The Women Nominated to President Biden’s Cabinet
It’s official: Trump is out and Biden is in. This Inauguration Day was more surreal than past ceremonies, a triumph of democracy after Trump’s violent efforts to overturn the presidential election results. In the shadow of one of the most divisive administrations in our country’s history and in the midst of a pandemic that has taken over four hundred thousand American lives, Biden’s inauguration ceremony felt celebratory of the change to come, but also an acknowledgement of the damages and irrevocable losses of the past four years.
Now we can begin to look ahead to the next four years. The efficacy of an executive administration is determined not just by the President, but the advisors and policymakers that Biden surrounds himself with. The President’s cabinet consists of the Vice President and the heads of fifteen executive departments. In December of 2020, Biden made a commitment to diversity in the Cabinet, promising, “The administration, both in the White House and outside in the Cabinet, is going to look like the country.” President Biden has already chosen nominees for all fifteen cabinet positions and is waiting to have them confirmed by Congress, so let’s take a closer look at the women that have been appointed.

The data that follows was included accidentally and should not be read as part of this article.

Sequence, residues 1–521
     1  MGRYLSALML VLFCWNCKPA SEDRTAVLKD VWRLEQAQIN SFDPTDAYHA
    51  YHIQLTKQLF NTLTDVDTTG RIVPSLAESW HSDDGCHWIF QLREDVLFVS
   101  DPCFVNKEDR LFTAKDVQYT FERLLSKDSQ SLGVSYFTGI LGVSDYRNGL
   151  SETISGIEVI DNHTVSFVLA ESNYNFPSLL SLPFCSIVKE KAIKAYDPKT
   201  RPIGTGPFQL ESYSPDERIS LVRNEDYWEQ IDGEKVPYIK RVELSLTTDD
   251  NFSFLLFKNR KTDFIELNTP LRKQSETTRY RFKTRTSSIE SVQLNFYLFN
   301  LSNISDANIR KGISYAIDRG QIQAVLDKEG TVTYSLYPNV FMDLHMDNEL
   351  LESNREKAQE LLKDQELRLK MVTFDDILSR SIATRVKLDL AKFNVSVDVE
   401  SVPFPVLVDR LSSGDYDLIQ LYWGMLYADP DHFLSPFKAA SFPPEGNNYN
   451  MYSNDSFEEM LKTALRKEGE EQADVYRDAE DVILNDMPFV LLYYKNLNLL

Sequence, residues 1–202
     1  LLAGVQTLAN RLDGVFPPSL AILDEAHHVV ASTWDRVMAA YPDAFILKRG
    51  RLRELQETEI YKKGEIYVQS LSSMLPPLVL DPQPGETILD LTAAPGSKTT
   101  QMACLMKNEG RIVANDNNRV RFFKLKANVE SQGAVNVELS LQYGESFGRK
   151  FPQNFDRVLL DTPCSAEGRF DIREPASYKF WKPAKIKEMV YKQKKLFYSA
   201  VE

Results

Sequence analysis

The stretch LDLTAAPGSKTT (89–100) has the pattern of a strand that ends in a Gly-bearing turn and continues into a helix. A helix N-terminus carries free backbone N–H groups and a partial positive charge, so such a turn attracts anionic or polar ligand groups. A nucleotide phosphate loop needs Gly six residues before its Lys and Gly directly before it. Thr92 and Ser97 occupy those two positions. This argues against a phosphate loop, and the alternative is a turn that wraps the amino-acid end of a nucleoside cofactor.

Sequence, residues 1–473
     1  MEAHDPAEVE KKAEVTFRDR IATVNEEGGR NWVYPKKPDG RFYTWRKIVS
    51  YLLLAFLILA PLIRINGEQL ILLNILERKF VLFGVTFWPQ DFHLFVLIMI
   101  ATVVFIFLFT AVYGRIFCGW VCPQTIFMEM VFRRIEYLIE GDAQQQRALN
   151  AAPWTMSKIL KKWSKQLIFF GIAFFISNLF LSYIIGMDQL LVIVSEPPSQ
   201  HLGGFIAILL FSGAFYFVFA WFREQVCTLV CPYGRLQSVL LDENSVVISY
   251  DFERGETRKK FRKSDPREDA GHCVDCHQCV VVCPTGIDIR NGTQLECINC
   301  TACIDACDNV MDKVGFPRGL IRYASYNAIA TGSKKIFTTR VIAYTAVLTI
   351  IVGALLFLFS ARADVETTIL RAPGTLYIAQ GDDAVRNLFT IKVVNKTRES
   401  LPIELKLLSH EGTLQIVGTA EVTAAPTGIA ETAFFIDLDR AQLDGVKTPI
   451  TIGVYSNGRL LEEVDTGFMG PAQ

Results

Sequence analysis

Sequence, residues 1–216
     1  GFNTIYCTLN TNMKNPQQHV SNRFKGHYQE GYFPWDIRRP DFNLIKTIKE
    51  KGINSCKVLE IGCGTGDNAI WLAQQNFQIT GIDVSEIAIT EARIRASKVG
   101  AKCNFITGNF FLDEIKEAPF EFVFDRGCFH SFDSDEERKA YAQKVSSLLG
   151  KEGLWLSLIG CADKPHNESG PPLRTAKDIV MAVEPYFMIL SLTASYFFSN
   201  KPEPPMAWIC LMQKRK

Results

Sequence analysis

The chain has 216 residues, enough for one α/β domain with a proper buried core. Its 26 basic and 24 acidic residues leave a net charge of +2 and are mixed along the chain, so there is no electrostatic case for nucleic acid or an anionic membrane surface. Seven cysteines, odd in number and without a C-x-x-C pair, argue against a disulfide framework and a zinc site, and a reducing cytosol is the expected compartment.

Secretary of Treasury, Janet Yellen
Position duties: advise the President on economic and financial policy
If you’ve seen Hamilton, the importance of the Secretary of Treasury will come as no surprise. However, it might (or really might not) come as a surprise that since Alexander Hamilton served as the first head of the Treasury, we have only had men running this critical department.
That is about to change.
Biden has appointed Janet Yellen as the first woman to serve as Treasury Secretary. Yellen has had an esteemed career, chairing the Federal Reserve from 2014 to 2018 (the first woman to do so) and serving as the Chair of the White House Council of Economic Advisers during the Clinton administration. She graduated summa cum laude from Brown University and earned her Ph.D. in economics from Yale, entering the field during a time when there were few female economists. Yellen is a Keynesian economist, which basically means that she believes that the market isn’t perfect, so the government has to play an active role in intervening when things get bad.